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Big Country
     

The Big Country

4.8 5
Director: William Wyler,

Cast: Gregory Peck, Jean Simmons, Carroll Baker

 

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This DVD of The Big Country will inevitably be a disappointment to anyone who saw the mid-1990's laserdisc release. The movie was one of a handful of classic westerns to get deluxe treatment on laser, including the presence of a narrative track on which Jerome Moross's epic score was discussed, interviews with Gregory Peck, Burl Ives, Charlton Heston, and Jean

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The Big Country 4.8 out of 5 based on 0 ratings. 5 reviews.
Vito_minguy More than 1 year ago
What a pleasant surprise! A brilliant and unconventional story line!
Guest More than 1 year ago
the film explores what men and women are about. It does that with the backcloth of a 'nothing world' - but a clash of two worlds the old and the new. Never forget were Peck is supposed to come from. Most reviewers miss that. that completely.
Guest More than 1 year ago
It takes a great movie to have a family tradition centered around it. Every now and then my dad will say, 'kids, it's been a while since we watched 'The Big Country'' so he will run out and rent it, and so the tradition begins. It ends right after the 'best movie intro in the world' when my dad falls asleep. Now if anyone should know how good The Big Country is it would be me. I have sat down and watched the three hour saga about thirty times. I know a good movie. Basically what happens is Peck strolls into town a pretty boy, who is smart. He meets his fiancee's parents. Everyone thinks he is a pansy, until his theory that violence isn't the answer proven at the end. It is proven with the dramatic death of his fiancee's father and his rival. With the death the rivalry is ended. The best part of this movie is a monologue where Mr. Bickford's rival strolls into Mr. Bickfords upity party and tells off Mr. Bickford. Another great part is where Mr. Bickford shoots his own son because he was about to cheat at a duel. Talk about an awesome twist. They don't make movies like this anymore.
Guest More than 1 year ago
I first saw this film as an eleven-year-old in a glamorous old-fashioned movie theatre. In the nearly 50 years since then, it has remained with me as an archetype of the classic Hollywood western: broad-shouldered, strutting, macho, violent, sentimental. Gregory Peck is perfect as the Eastern dude who is uncomfortable with the "code of the West", and Burl Ives' performance as a stern patriarch is Oscar-worthy, while Charlton Heston is ... well, Charlton Heston. Female leads Carroll Baker and Jean Simmons are contrasting frontier gals. The cinematography is magnificent, and everything is tied together by one of the greatest musical scores in any Western. From its soul-stirring opening sequence to rugged duels to a climactic shootout, The Big Country delivers a truly memorable motion picture experience.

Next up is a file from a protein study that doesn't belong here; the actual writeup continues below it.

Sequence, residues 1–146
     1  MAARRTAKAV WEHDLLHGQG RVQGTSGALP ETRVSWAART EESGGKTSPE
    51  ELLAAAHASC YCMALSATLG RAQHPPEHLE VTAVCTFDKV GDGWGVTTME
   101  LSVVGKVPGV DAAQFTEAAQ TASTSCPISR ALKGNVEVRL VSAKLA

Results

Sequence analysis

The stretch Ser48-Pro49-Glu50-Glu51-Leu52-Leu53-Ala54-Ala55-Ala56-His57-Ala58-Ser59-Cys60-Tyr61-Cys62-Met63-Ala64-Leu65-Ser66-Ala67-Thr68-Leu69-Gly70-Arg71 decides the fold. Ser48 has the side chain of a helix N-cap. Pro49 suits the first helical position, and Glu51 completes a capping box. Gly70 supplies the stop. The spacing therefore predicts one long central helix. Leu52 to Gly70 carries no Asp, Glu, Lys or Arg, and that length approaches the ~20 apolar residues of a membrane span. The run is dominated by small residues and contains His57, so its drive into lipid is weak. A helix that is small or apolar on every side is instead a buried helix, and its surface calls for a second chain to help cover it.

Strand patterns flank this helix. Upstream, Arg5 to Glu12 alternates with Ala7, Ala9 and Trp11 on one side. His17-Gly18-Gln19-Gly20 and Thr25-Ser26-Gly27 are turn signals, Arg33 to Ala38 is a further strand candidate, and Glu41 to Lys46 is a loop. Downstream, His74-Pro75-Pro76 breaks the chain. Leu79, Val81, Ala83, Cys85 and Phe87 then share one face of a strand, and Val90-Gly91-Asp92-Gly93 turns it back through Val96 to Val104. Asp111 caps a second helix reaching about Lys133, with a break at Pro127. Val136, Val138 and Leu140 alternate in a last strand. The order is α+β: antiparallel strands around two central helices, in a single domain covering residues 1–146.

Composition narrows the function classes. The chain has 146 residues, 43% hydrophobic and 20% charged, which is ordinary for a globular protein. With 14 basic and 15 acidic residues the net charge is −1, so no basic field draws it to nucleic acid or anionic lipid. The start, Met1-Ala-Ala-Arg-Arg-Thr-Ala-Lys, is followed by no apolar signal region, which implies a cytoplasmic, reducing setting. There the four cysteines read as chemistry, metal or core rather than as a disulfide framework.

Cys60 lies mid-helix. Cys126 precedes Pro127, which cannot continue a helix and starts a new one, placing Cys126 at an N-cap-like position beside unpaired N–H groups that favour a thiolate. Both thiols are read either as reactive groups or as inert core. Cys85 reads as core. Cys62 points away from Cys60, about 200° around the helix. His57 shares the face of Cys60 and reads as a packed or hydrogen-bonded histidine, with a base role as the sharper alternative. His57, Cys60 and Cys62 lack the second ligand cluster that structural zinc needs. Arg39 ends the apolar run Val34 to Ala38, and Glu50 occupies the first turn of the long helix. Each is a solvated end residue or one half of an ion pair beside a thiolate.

Guest More than 1 year ago
'The Big Country' may be a B movie overdressed as an A with a Hatfield/McCoy rehash for a plot, but it's directed by spectacle king William Wyler, has solid star power, and is blessed with a truly memorable performance by Burl Ives as ironbound patriarch Rufus Hannassey. Chuck Connors never had a better role than no-good son Buck Hannassey---his leers and sneers are so villainous we wait for the piano music. Look for Alphonse (steenking batches) Bedoya in a nice minor role as a ranch hand to the elitist Terrell family. The scene where Terrell foreman Steve (Heston) yanks on his pants before his fight with McKay (Peck) must have inspired many a leg burn and pratfall by adolescent imitators after the movie came out. Like 'Magnificent Seven', the theme song is classic Big Western (and was adapted perfectly by the band Yes in the 70s).